The next time you’re home, look around. Do you see saucepans piled in the sink, clothes strewn across the floor, the trash can and the recycle bin overflowing? If so, you’re not alone. Many of us have cluttered homes, but that doesn’t mean you’re a hoarder. Like the rest of us, you’re often so busy that days or weeks slip by without presenting an opportunity to clean up. So here are some tidiness habits that are super easy and that will lead you to domestic bliss – or at least relaxation.
Benefits of Decluttering
Decluttering your living space brightens up your worldview. People with decluttering businesses say that their clients feel better upon dredging their homes of all the belongings they don’t need or don’t use. Some of the benefits of decluttering include better sleep, less anxiety, and more self-confidence. Think about it: When you’re living or working amid clutter, you can feel all the things pressing in on you, so don’t be scared to minimize. It’ll help you focus.
Cleaning Your House The first step in tackling your clutter is to give your house an old-fashioned cleaning. Scrub the baseboards. Dust behind the appliances. Pitch everything that you don’t need. If that sounds time-consuming, people have come up with ways to clean your whole house in an hour. Step
one: Start at the top. Clean the ceiling fans, move down to the furniture, and vacuum the carpets and mop the floors. As you’re going, don’t inspect each wayward item you find. Instead, keep a box handy where you can put it in before you find a place for it. Make this tidying regimen into a habit until you’re always spot-checking and picking up after yourself so that “cleaning day” doesn’t turn into a daunting project.
A Place for Everything, and Everything in Its Place
Take time to parse through what you own and decide how much of it you need. If that sounds overwhelming, here are some creative ways to begin. First, the “12-12-12 Challenge.” Heard of it? It’s when you select 12 items to throw away, 12 items to donate, and 12 items that you may have borrowed and can be taken back to their proper homes. Other challenges and games like these exist, and their point is not just cosmetic. Discarding what you don’t need is a huge psychological relief. Everything changes, and when it’s time to get rid of old photographs, clothes from high school, or frayed childhood blankets, then do it and let yourself move on. Work room by room but don’t neglect less-frequented spaces like your basement and attic. Go through unused items like luggage, holiday decorations, and memorabilia and see what you can toss.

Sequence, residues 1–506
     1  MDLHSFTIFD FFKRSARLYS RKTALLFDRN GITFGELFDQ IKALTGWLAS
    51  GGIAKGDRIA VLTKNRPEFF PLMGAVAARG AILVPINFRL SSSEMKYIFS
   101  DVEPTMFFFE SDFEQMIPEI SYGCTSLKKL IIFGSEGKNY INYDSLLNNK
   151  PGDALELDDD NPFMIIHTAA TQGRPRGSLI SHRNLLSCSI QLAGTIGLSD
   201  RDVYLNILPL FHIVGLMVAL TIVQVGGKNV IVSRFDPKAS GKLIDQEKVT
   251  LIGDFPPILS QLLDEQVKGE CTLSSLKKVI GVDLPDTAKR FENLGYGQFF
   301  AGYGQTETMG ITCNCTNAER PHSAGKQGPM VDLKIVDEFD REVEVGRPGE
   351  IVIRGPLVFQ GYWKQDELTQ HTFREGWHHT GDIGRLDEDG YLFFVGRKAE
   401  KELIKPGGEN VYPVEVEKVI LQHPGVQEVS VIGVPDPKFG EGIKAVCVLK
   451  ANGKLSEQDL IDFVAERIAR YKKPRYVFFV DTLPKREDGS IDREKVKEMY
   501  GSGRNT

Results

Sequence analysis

If you have a yard or a patio, keep that space tidy. Cut back trees or limbs overhanging your driveway. Mow the lawn. After you plant your garden, pat down a layer of mulch underneath, to give it a clean, ordered look. Always put away shoes, bikes, kids’ toys, and gardening tools in the yard. The last thing you want is to run over a trowel left out and accidentally blow one of your car’s back tires. (And give the neighbors an excuse to tisk-tisk from their windows.)
Decluttering doesn’t just mean folding the blankets off the couch and raking leaves off your lawn. You can also dredge out the inessential in all aspects of your life. Clean your car. Weed your sidewalks. Cut ties with people who are toxic. Erase apps off your iPhone that you never use. However you can, throw out the junk to let in what the future holds.
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